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A majority of pet owners dearly love their pets. They regard their four-legged companions as family members. A number of companies have begun to recognize-via extended leaves-that the grief suffered by a person when he or she loses a pet is equal to the death of a family member. Many corporates regard their employee’s pet to be a member of the employee family and take into consideration when granting leaves. Flexibility is given to employees who apply leaves stating the reason for leave as the death of their pets.
Changing the definition of family
Government companies continue to exclude pets from family definitions. There is a distinct possibility that both federal and state governments could change such a policy. Increasingly, there is a movement to reclassify animals as a kind of “sentient beings” from the present “chattels”. A few government departments have started to move towards the new definition. There is more than an even chance that a pet could be considered a member of the family even by public concerns within a few years. A few states have recognized animals to be sentient and possessing biological needs. The new system pushes humans to undertake a collective responsibility to make sure that animals are well fed and cared for. The development represents a human evolution in a positive manner.
Classifying pets as families have an unexpected benefit. This policy attracts and retains better employees. Organizations now recognize this in greater numbers and they soon align the procedures and policies to reflect greater empathy for pets. Company procedures and policies are now being enforced in a different manner.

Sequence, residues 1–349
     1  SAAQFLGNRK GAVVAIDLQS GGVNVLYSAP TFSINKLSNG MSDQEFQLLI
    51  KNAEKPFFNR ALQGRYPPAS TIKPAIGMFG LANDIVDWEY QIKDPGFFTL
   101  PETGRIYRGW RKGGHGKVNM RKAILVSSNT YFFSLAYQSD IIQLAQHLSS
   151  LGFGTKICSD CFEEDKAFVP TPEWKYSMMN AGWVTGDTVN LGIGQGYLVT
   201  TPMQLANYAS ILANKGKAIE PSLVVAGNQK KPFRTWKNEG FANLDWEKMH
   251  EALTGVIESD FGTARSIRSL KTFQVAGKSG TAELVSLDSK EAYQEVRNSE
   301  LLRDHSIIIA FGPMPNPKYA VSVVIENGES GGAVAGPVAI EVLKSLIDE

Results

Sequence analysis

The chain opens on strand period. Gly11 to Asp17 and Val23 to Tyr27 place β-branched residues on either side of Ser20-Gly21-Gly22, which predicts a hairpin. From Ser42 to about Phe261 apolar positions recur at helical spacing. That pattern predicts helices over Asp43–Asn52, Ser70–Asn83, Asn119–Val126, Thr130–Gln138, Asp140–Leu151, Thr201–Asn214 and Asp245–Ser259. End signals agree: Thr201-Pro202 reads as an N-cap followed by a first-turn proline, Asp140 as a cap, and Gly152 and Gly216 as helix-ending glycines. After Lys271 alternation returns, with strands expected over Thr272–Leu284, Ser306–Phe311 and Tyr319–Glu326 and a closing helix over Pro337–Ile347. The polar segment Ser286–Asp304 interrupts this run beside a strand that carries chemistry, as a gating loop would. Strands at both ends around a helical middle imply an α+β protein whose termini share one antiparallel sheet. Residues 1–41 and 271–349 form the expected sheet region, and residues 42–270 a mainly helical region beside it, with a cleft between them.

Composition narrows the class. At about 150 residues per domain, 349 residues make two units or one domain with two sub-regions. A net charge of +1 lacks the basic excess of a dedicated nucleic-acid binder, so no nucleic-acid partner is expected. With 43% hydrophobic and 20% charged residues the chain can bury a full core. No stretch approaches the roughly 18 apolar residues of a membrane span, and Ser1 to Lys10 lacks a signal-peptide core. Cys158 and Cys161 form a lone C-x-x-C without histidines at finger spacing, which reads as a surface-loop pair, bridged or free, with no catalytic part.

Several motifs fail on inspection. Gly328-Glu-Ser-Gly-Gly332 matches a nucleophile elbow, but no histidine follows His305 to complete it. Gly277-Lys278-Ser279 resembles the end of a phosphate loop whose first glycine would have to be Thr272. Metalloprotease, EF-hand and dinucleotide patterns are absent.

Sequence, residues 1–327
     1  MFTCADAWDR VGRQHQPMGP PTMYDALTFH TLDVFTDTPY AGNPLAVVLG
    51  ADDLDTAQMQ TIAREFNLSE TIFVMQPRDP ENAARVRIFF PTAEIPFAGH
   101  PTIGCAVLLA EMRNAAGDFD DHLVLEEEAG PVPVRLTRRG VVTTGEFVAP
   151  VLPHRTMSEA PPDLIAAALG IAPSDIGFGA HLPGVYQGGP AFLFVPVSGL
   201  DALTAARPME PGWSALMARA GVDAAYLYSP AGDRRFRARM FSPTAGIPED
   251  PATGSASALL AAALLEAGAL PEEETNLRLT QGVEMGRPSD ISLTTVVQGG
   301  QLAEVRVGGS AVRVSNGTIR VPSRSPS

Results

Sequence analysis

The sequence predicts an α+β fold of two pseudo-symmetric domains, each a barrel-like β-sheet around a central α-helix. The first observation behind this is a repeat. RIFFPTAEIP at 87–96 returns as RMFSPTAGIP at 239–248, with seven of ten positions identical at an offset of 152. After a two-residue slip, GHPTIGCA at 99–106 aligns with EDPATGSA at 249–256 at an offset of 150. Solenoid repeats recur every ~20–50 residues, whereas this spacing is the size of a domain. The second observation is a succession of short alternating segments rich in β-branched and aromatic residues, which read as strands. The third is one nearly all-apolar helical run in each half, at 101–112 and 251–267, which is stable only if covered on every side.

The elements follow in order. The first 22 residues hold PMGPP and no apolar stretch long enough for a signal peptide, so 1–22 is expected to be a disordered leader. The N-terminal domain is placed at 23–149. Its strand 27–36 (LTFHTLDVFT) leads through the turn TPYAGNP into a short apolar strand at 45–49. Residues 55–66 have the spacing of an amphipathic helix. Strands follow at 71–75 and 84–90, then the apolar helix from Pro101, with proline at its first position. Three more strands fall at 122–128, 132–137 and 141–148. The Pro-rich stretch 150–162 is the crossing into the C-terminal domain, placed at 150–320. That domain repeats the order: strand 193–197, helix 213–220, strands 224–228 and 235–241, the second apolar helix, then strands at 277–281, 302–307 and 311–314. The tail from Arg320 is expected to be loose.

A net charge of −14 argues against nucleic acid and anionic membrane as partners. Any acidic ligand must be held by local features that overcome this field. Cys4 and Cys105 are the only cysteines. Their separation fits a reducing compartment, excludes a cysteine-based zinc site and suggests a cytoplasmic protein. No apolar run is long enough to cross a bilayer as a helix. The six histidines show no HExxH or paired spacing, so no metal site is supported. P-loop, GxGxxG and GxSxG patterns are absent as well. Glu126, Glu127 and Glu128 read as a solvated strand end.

Animals are now regarded as an immediate family member and being included under the bereavement leave benefits. The definition of family is now being changed. The legislation is now being edited to be non-discriminatory towards best-loved pets. The definition of family is now being broadened.
It is to be understood that if any organization takes the decision to expand the scope of bereavement leave so to include pets, then there should be no change in the way the benefit will be enforced. The employee should not be asked to provide proof of the pet’s passing. The employee must inform the employer of the pet’s death before taking the leave. If the employer is concerned about the employee falsifying records and abusing benefits from pet leaves, then new policies should be enacted to counter them. Companies must take into account the manner the entire workforce will be affected by these new policies. People who have no pets may take advantage of this new policies and apply for fraudulent leaves. Employers must be tactful about communication as a genuinely sad employee could be hurt by the use of harsh language originally created for reining in the dishonest ones.